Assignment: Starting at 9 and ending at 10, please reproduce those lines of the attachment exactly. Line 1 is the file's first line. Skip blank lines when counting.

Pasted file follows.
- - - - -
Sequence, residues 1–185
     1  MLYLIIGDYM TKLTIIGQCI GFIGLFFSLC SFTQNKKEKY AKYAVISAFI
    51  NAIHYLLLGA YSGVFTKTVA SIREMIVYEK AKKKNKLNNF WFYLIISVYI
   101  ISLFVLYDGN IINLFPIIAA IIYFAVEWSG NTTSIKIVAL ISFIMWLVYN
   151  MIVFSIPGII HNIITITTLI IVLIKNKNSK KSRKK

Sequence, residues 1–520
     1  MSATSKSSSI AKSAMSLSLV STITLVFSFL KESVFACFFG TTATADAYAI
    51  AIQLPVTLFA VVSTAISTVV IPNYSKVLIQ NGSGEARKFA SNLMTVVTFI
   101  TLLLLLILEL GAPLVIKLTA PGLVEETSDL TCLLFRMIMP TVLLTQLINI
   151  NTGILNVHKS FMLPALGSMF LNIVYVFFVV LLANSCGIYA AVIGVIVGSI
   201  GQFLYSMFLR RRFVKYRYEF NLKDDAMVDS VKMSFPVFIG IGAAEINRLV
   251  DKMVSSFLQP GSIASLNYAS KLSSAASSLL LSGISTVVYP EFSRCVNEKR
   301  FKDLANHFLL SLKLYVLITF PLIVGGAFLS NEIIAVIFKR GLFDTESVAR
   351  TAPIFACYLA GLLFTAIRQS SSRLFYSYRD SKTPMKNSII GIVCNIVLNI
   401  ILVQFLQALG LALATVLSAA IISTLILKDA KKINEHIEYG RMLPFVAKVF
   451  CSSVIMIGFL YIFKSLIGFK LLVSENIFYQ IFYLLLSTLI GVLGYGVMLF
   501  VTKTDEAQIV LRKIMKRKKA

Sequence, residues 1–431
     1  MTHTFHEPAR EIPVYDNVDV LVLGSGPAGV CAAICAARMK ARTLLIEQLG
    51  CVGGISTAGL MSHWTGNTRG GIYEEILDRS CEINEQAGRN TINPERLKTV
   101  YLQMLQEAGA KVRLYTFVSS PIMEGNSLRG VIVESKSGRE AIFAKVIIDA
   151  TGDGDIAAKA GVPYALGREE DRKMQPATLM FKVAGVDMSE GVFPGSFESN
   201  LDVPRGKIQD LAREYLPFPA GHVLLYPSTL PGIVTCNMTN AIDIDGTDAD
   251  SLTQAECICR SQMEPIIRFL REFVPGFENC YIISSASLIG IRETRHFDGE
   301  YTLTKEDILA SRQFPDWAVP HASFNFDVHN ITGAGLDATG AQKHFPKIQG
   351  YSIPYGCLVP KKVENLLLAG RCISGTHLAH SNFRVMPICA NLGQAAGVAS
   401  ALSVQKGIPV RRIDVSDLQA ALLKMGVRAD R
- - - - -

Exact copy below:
   101  TLLLLLILEL GAPLVIKLTA PGLVEETSDL TCLLFRMIMP TVLLTQLINI
   151  NTGILNVHKS FMLPALGSMF LNIVYVFFVV LLANSCGIYA AVIGVIVGSI